As you most likely purchased the game second hand the activation code would indeed be consumed. The activation key is for one time use only and if you wish to play SimCity you would need to purchase the game yourself, from your local retailer or from
i bought the game from a person but sai he never used it and when received the game it was still in is original packing. when I go to install the redeem code sais is already been use. How is it posible if the game is new
If you cannot find the serial number, or you have deleted the email, you can find your code in your Order History by going to Origin > EA Account and Billing... > Order History or directly by clicking My Account.
A digital code will be sent to your email address which you will then be able to redeem in Origin. Then you can just download, install and enjoy your new game! You can find more specific instructions under Code Activation Guide.
Which just goes to show how hard it was to do before PulseAudio. I did per application volume control with a nasty hack in asound.conf to set up a default PCM with a softvol control named using an environment variable. Not trivial, the way it is in PulseAudio, but not impossible either. Similarly, using some nasty hacks with the copy and route plugins, you could make ALSA redirect streams between devices. Again, not nearly as easy as it is in PulseAudio, but it works.Socket activation is explicitly modelled on the inetd way of working (where a socket is passed to a newly started daemon) - again, not made as simple as it is by systemd, but quite possible before. Poettering: systemd for Administrators, Part XII Posted Jan 22, 2012 10:21 UTC (Sun) by hongli (guest, #75254) [Link]
For example the old init system uses shell scripts all over the place. The problem with shell scripts is that *a lot* of operations require a fork() and an exec() which makes things less efficient than they should be. Reading the contents of a PID file Exec cat. Sending a signal to a process Exec kill. Each of those commands in turn execute a lot of redundant code, like loading glibc, allocating memory, etc. A lot of people usually respond to this by saying \"who cares, I boot my system and never shut it down\". I'm baffled by their apparent ignorance of (or indifference to) desktops, laptops and mobile devices. Poettering: systemd for Administrators, Part XII Posted Jan 22, 2012 13:37 UTC (Sun) by farnz (subscriber, #17727) [Link]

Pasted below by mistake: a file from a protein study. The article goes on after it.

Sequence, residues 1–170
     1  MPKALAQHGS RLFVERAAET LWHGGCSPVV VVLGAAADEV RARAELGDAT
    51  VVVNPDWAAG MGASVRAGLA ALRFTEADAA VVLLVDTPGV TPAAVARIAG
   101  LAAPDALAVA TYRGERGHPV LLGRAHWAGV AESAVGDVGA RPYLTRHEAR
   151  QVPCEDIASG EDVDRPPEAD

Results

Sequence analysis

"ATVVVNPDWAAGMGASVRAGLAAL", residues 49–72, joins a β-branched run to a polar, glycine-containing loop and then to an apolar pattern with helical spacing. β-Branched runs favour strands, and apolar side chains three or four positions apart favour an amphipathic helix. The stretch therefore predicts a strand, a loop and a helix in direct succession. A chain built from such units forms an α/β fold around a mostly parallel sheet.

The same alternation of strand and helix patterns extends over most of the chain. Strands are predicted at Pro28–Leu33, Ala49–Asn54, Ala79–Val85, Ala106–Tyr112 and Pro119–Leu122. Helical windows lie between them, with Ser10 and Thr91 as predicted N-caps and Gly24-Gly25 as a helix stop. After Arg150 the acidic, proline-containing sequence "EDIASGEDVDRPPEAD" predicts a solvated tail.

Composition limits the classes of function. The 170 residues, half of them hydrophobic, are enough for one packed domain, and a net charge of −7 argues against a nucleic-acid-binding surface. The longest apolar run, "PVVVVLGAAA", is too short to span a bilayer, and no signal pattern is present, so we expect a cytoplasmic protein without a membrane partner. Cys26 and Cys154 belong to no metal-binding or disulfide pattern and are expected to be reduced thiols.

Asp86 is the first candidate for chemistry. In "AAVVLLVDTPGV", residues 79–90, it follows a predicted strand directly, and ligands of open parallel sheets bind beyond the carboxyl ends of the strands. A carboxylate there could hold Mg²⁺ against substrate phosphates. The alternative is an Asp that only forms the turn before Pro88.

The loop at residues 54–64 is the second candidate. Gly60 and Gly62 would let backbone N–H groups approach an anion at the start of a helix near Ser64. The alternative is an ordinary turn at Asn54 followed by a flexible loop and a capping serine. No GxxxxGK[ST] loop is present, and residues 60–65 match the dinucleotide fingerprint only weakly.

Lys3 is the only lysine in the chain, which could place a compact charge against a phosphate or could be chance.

Absolutely - I can't think of a Poettering project that isn't a net improvement on what came before. But that's the reason Poettering comes in for criticism; he's not doing stuff that couldn't be done before his project started, so when you hit one of the bugs (either in his code, or merely exposed by his code), it's all too easy to go \"Poettering sucks! systemd/avahi/PulseAudio/ifplugd/project-of-the-day doesn't work nearly as well as sysvinit/dynamic-dns/asound.conf-of-doom/ethtool-based-hacky-shell-script/thing-that-did-this-before because its bugs make it completely unusable!\".It doesn't matter that once the bugs are fixed, the project is a net improvement on what came before; it doesn't even matter that there already improvements if you don't trip over the bugs. What the complaining users see is \"it worked before, now it doesn't. Must be Poettering's fault, as that's the last thing I changed\". Heck, to the complaining users, it doesn't even matter that they've seen a pile of other small improvements from Poettering's code, as they've hit a bug, and all they can see is \"it worked before PoetteringProject, it doesn't work now\". Poettering: systemd for Administrators, Part XII Posted Jan 22, 2012 18:39 UTC (Sun) by hongli (guest, #75254) [Link]
I try to build as much \"reputation management code\" in my software as possible so that people don't blame me for problems I'm not responsible for. For example one of the software that I write is a web application server. When something goes wrong, my software tries very, very, very hard to explain to the user what went wrong, why it went wrong, where it went wrong, and how to fix it. To further reduce user annoyance, the message is displayed in an aesthetically pleasing way. It's all psychology you see - if people see a beautiful error message page then they're less likely to be annoyed or to feel anxious and blame all the problems on my software. My software also actively works around broken environments. Some people set their ulimit stack size to 80 MB by mistake. Because my software is heavily multithreaded, they would exhaust their virtual memory if they launch my software, or they would wrongfully conclude that my software is a memory hog because the VSIZE is large. To prevent that kind of things I force a thread stack size of 128 KB in my software.I realize that this sounds like a huge pain in the ass and that from a technical point of view you shouldn't need all these things. But we're working with people here so I think these things are very very important. Poettering: systemd for Administrators, Part XII Posted Jan 22, 2012 19:38 UTC (Sun) by obi (guest, #5784) [Link]